New Study Claims 1 in 5 Medications are ‘Inappropriately’ Prescribed to Seniors

Posted on August 27, 2012

A new study published by the journal, PLoS ONE, reports that one in five prescriptions that primary care providers give to patients over age 65 are inappropriate. The study defined “inappropriate” as prescriptions that are completely wrong or prescribed at dosages that are either too low or too high. Researchers warned that some of those medications carry a high risk of adverse reactions in patients.

After initially looking at 946 studies on prescription information for seniors, the researchers whittled the number they chose to analyze down to 19. Those studies came from the United States and EU countries. Remarkably, they found that the rate of pharmaceutical errors affecting seniors ran about 20.5 percent.

Two of the most “inappropriately prescribed” drugs were the antihistamine diphenhydramine and the antidepressant amitriptiline, which, according to the study, carry high risks of adverse consequences.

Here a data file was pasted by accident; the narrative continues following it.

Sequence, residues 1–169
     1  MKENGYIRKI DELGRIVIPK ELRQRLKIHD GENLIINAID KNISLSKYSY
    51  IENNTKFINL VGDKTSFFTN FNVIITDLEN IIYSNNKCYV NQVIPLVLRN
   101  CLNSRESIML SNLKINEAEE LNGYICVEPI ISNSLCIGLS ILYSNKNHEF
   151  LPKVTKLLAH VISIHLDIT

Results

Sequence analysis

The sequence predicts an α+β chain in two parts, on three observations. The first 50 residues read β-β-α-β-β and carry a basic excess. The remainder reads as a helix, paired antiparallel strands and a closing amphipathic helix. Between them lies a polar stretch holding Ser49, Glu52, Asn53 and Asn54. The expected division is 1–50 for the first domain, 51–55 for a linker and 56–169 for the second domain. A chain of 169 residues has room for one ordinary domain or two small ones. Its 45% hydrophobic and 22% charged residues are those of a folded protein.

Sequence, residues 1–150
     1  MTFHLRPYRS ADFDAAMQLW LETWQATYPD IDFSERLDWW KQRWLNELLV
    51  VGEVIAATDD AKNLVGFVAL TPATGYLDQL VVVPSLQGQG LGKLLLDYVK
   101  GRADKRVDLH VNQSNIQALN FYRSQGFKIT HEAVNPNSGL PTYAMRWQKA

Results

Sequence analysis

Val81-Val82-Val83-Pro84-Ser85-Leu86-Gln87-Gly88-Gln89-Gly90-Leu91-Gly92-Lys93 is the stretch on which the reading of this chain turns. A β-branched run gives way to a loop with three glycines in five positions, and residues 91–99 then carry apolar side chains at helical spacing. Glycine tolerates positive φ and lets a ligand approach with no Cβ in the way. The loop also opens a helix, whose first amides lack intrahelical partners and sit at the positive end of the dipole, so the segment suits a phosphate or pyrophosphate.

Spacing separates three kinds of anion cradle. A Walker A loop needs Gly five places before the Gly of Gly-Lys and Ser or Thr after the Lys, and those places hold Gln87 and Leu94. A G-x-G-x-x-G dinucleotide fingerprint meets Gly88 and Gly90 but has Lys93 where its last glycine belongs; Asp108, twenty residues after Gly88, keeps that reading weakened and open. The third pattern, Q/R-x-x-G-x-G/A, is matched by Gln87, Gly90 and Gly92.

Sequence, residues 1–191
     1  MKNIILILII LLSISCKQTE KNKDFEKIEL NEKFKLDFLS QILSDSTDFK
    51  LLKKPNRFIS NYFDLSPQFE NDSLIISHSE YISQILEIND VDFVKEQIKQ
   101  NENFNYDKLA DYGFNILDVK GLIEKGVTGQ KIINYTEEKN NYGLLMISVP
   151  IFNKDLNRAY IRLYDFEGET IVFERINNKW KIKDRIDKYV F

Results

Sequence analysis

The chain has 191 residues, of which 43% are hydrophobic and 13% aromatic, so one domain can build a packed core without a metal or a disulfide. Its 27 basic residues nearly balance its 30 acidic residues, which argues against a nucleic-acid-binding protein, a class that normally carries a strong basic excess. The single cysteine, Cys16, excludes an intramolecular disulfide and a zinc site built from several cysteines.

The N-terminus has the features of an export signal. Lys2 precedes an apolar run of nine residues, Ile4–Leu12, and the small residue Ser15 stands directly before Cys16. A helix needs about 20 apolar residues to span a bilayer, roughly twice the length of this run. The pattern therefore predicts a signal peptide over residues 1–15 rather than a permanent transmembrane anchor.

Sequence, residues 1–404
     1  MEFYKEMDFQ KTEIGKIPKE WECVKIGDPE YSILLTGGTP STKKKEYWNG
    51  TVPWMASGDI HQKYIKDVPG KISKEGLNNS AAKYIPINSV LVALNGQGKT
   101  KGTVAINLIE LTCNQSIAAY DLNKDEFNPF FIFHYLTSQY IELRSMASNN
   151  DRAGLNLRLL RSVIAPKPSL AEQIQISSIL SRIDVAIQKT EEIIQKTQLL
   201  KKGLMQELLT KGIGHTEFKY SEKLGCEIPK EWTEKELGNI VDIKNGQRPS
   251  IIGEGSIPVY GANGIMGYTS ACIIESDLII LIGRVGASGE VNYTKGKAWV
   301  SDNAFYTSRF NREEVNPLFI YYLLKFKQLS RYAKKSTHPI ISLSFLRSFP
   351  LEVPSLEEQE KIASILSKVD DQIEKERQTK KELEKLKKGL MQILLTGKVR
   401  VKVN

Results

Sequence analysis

The Huffington Post reports that nearly one-third of elderly patients develop potentially dangerous reactions to medications — reactions that could have been prevented had doctors prescribed alternative, low-risk medications instead.

The study suggested that the implementation of a computerized support system could help physicians do a better job of prescribing medications.

If you or a loved one has been the victim of a prescription error, you may be entitled to compensation for medical bills, hospitalization, and other damages. The prescription medication error attorneys in Jacksonville at Farah & Farah are here to help you receive the compensation you deserve. Call us at (800) 533-3555 for a free, no-obligation review of your case.


  • This field is for validation purposes and should be left unchanged.